Pre-Primary Program (3 years to 6 years)
Our goal for children at this stage is to help them develop harmoniously in their physical, social, cognitive, and academic domains. We also help children to increase their concentration skills and to refine, categorize, and expand their previous knowledge.
The 3-to 6-year-old child needs freedom to move and to use his or her hands to learn. The hands are the tools that help the young child learn at this age. All experiences must be concrete and allow for manipulation of materials. Most of the presentations of materials are given to individual children because the child is still self-centered. It is not until the age of 4 1/2 or 5 that children work more in group activities, except for Language activities.
Above all, teachers and staff work together to create a warm, safe and nurturing environment for each child. There is a focus on modeling and interacting with respect, courtesy, and compassion for every individual. Teachers carefully guide children to navigate social situations with an emphasis on the safety and well-being of all members of the group. Through interactive games, children learn the courteous language and gracious actions necessary to navigate the classroom and various social situations like how to greet a guest, how to invite a friend to play, or even how to carefully push in a chair! These vignettes of various social situations give children information about how to handle situations at school and in the real world.
Montessori Classroom Environment
These activities allow the child to practice everyday skills that help with the development of independence and Executive Functioning skills through activities such as the “zipper frame,” sweeping, polishing, washing dishes, caring for plants, preparing food etc. All of these activities give the child the opportunity to become proficient with self-help skills. They also significantly contribute to the development of the child’s concentration, refinement of fine and gross motor skills, and the development of self-esteem as they accomplish tasks they see done around them by adults and contribute to their classroom community.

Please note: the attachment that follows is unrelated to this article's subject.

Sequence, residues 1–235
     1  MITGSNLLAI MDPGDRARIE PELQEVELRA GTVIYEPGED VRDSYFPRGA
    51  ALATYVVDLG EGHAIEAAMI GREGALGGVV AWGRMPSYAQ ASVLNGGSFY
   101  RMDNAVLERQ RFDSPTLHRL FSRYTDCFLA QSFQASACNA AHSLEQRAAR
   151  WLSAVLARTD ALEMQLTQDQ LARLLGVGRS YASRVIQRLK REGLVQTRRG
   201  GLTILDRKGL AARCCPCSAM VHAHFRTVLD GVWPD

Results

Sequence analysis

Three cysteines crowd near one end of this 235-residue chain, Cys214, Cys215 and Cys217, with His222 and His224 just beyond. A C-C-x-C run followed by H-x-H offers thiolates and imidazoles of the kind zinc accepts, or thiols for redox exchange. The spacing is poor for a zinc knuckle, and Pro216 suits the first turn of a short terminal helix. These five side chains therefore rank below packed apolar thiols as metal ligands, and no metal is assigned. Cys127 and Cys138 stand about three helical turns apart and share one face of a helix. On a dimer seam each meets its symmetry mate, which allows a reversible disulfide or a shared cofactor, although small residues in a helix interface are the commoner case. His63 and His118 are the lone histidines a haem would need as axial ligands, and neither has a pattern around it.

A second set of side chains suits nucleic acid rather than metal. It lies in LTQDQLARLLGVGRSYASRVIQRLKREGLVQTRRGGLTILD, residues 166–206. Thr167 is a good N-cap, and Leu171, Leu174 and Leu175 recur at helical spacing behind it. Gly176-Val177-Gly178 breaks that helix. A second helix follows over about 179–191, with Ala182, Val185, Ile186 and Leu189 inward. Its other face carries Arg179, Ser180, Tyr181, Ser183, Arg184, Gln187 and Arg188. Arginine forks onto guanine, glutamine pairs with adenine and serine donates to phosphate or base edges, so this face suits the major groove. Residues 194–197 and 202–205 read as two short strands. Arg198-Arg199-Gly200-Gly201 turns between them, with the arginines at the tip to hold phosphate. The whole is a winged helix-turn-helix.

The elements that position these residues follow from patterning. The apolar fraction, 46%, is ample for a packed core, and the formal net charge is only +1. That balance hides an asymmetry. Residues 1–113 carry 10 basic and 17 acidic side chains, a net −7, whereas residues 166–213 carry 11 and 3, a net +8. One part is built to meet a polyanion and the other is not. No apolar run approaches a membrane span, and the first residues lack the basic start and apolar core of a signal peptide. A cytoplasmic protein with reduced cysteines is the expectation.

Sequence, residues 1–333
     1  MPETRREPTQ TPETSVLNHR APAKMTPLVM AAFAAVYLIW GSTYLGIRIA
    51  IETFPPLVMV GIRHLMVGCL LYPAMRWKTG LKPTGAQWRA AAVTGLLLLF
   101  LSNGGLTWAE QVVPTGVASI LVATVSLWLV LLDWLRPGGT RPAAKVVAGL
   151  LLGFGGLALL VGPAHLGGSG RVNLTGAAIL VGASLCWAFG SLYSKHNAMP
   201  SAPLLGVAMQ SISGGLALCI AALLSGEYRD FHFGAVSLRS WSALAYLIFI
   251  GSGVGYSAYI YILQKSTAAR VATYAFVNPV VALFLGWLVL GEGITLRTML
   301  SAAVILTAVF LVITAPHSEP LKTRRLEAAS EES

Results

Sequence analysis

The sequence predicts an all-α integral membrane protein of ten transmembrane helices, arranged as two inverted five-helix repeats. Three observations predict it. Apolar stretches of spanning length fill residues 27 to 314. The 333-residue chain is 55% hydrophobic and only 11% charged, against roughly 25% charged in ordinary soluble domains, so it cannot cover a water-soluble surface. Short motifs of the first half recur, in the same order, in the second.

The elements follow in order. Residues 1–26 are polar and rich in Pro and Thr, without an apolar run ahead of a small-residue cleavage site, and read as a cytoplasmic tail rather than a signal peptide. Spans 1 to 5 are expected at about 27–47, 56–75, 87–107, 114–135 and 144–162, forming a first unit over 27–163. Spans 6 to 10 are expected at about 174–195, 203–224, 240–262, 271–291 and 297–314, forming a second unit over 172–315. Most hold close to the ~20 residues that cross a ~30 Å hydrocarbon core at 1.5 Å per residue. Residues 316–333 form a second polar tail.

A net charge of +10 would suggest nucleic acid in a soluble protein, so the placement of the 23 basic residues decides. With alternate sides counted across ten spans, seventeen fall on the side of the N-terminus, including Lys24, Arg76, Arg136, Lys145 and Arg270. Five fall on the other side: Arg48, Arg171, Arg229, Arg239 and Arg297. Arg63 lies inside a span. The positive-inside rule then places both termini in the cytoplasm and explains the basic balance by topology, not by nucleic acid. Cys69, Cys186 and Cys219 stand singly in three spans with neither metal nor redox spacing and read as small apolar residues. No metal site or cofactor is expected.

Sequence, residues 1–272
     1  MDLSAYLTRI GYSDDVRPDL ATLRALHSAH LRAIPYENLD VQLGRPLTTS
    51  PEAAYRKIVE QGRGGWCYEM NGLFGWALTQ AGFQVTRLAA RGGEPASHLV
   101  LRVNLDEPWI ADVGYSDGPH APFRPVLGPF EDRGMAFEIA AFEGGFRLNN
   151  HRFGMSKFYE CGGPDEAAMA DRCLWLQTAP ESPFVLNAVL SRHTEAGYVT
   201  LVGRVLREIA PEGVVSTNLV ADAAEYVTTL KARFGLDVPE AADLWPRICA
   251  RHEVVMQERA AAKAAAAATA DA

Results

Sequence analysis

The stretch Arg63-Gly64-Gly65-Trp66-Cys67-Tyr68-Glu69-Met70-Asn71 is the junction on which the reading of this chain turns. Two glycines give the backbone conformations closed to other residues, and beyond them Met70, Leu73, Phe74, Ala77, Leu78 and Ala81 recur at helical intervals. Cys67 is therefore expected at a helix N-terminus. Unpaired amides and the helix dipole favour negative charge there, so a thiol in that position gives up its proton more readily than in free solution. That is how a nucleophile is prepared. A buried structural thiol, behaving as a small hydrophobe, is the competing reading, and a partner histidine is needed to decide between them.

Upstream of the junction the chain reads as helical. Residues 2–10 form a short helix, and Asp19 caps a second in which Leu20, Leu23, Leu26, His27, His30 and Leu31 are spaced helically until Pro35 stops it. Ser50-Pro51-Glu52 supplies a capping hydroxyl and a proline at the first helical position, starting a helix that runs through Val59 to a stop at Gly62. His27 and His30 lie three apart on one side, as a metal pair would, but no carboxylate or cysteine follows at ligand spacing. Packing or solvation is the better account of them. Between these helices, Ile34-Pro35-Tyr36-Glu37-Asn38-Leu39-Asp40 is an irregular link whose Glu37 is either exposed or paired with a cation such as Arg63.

These materials refine the child’s senses, which are still developing. Materials requiring tactile, auditory, olfactory, gustatory, and visual discrimination of size, shape, and color are used to enhance the refinement of each sense. In addition, these give geometric experiences and vocabulary. Sensorial materials are also used in other areas of the classroom, such as the language area – to provide the qualitative vocabulary (i.e. rough, smooth, thick, thin) as well as geometric terminology to teach about triangles, angles, and different two and three-dimensional shapes. We also use sensorial materials in the study of biology with the study of leaves, parts of plants, flowers, and animals.
The young child is fascinated by language. We offer children plenty of opportunities to acquire new vocabulary, giving the exact name of anything that is of interest to them: bugs, insects, flowers, trucks, etc. We have a phonetic approach to reading, which is teaching the sounds of the letters instead of just the names. This enables the child to blend sounds together and read more easily. From learning phonics, we will guide the child to learn phonograms, combine letters to construct words, decode sounds to read words, and learn sight words. Through interactive games, children experience the role of various parts of speech in a phrase and the importance of word order and grammar in sentences. Through the Language curriculum, children have an opportunity to explore self-expression.
All of the materials in this area are concrete representations of the abstract concept they are designed to teach. The child manipulates rods, beads, spindles, etc. to understand the concept of numbers one through ten, the decimal system (units, tens, hundreds, and thousands), and all four mathematic operations. By the end of the third year in this classroom, children usually start memorizing math facts and have gained a solid understanding of the four operations. Fractions are also presented and explored with concrete materials.
Geography, History, Biology, Botany, Zoology, Art and Music are presented as extensions of the sensorial and language activities. We introduce children to geography through puzzle maps, pictures, stories, cuisine, and artifacts representing a specific country or continent. Music and art are also integrated into the Children’s House program. In addition to integration through Montessori Materials such as the Bells, children engage in music activities using rhythm, movement, songs, and listening activities. Children learn to match pitch and may begin exploring the basics of reading and writing music. Children are exposed to art through various concrete experiences that focus on experimenting with different media. The fine arts program introduces children to the basic building blocks of visual art through media exploration and also introduces them to art appreciation.